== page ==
People gather outside St. Mary's Church in Dubai, United Arab Emirates, in 2018. (Wikimedia Commons/Christian World)

People gather outside St. Mary's Church in Dubai, United Arab Emirates, in 2018. (Wikimedia Commons/Christian World)

Talk about your involvement in parish activities, specifically catechism, spiritual guidance to families, and teaching in the school. What do you do exactly?

As Comboni Missionary Sisters, we are involved in different pastoral work in the parish. There is a sister involved full-time as a teacher in the school, and the other sisters are involved in the catechism activities in the parish. More than 6,000 children attend catechism classes every Saturday and Sunday, and about 600 catechists volunteer. The sisters in charge of the catechist program often organize courses for the training of the catechists.

I also work in the office of psycho-spiritual guidance, which has been established by the parish to enhance the psychological and spiritual well-being of families. This service is offered free of charge by the parish to the parishioners.

How has helping married couples and young people experiencing challenges been for you?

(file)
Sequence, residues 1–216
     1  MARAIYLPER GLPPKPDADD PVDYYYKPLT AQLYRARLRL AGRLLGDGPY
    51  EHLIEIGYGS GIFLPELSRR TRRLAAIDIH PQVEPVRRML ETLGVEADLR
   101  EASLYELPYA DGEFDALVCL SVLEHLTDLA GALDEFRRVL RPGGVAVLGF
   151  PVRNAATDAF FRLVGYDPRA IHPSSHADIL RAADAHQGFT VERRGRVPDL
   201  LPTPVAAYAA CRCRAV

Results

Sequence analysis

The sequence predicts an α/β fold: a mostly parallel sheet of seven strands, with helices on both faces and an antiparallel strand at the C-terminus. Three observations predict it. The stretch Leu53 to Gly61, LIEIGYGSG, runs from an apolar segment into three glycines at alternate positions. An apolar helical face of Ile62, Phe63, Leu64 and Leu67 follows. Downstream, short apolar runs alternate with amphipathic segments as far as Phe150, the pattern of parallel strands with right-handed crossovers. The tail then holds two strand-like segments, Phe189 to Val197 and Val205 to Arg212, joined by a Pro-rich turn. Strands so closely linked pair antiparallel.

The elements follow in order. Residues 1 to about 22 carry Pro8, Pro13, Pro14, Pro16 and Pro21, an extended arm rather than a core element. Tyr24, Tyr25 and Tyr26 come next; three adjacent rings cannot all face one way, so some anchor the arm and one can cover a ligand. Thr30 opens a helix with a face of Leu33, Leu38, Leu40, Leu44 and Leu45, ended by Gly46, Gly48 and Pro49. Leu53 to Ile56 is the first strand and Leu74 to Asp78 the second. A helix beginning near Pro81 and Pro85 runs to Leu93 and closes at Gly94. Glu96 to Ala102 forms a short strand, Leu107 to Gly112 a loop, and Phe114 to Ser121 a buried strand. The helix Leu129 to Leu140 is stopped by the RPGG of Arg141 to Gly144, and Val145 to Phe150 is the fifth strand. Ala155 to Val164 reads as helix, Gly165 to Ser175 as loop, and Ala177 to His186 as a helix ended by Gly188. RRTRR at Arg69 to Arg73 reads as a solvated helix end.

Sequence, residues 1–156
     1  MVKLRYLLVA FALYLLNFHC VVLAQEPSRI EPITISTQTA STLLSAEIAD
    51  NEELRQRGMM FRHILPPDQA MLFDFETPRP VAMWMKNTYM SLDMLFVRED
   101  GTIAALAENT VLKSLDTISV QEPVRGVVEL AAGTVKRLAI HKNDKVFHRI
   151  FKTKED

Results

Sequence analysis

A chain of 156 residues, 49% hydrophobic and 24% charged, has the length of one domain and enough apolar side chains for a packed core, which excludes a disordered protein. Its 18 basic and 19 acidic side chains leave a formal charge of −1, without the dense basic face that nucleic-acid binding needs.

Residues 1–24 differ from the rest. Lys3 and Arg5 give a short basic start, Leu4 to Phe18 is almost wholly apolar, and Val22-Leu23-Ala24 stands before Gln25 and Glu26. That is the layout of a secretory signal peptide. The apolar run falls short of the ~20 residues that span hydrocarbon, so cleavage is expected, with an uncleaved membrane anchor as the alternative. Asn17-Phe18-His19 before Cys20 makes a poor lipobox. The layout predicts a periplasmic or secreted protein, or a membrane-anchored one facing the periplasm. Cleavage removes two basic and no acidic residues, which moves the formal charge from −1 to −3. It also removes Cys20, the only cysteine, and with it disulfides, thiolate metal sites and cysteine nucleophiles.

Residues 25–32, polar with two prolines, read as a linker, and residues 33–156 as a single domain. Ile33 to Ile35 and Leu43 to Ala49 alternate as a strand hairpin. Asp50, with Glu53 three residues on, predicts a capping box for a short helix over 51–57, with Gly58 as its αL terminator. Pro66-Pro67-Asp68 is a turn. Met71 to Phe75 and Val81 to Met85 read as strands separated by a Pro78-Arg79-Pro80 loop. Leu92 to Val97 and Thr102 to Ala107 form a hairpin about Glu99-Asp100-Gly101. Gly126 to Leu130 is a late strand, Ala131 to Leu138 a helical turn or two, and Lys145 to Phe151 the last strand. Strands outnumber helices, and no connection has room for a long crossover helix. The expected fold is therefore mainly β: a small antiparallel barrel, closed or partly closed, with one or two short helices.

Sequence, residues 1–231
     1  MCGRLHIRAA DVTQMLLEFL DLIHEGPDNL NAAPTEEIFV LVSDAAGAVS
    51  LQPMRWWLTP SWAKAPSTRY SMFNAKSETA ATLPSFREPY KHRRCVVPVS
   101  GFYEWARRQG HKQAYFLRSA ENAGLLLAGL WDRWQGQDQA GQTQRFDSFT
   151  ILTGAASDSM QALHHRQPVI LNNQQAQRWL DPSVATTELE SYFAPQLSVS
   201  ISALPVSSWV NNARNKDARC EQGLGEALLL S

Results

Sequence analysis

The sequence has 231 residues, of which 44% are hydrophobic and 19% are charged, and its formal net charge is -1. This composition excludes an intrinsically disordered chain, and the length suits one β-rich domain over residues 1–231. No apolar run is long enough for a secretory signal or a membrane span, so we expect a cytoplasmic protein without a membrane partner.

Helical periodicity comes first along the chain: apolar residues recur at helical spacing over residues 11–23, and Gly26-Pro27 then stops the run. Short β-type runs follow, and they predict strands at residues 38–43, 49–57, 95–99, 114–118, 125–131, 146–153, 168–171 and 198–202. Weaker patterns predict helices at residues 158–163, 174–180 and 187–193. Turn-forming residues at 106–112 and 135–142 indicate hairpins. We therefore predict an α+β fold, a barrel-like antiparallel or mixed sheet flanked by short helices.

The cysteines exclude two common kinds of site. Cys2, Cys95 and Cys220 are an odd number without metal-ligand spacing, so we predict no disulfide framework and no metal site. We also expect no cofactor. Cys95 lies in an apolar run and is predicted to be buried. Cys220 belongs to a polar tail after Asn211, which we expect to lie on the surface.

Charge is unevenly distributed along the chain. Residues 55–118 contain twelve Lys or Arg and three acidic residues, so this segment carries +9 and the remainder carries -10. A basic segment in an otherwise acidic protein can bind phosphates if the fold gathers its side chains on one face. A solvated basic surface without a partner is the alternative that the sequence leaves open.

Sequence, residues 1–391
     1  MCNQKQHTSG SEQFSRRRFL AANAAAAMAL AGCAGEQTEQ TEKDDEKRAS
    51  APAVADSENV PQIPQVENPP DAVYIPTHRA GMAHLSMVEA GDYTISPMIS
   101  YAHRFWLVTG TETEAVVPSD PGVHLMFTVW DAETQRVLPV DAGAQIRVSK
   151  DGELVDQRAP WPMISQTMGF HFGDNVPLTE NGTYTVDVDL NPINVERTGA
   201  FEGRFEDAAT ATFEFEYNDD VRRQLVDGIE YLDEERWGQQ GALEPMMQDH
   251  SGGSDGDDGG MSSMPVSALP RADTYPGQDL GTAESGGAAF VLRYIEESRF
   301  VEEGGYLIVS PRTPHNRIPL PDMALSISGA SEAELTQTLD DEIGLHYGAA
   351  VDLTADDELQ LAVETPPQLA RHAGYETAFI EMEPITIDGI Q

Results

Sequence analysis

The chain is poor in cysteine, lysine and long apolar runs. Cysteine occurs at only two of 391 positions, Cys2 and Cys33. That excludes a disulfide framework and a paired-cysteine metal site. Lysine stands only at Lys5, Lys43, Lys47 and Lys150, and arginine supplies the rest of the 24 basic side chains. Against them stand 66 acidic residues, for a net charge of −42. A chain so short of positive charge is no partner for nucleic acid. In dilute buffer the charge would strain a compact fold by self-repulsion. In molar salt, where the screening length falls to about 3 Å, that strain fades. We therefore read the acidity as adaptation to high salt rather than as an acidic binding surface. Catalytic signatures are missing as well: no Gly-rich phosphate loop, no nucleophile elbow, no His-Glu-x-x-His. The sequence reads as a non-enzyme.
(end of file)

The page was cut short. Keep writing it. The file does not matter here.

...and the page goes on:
Through this ministry, I have grown strong in my prayer life and experienced God's love working in different situations. Through listening, I have become more aware of the suffering of the people and offer them moral and spiritual support. 

This ministry is quite challenging, and one has to be committed to prayer life and love the ministry because, most of the time, I only hear negative stories from the people I encounter. But it is also fulfilling to see positive progress in their lives.

What role has your faith played in your life, and what is your favorite passage from the Bible?

My faith has helped me a lot to trust, love and hope that God is present during joyful and painful moments. My faith has helped me to appreciate that there is hope when we trust in God. 

The Book of Ecclesiastes 3:1-8, 14 is my favorite passage that expresses the reality of life as a journey of different phases.

There is a time for everything 
and a season for every activity under the heavens.
A time to be born and a time to die;
A time to plant and a time to uproot.
A time to kill and a time to heal;
A time to tear down and a time to build.
A time to weep and a time to laugh;
A time to mourn and a time to dance.
A time to scatter stones and a time to gather them;
A time to embrace and a time to refrain from embracing.
A time to search and a time to give up;
A time to keep and a time to throw away.
A time to tear and a time to mend;
A time to be silent and a time to speak.
A time to love and a time to hate;
A time for war and a time for peace. ...
I know that everything God does will endure forever; nothing can be added to it and nothing taken from it.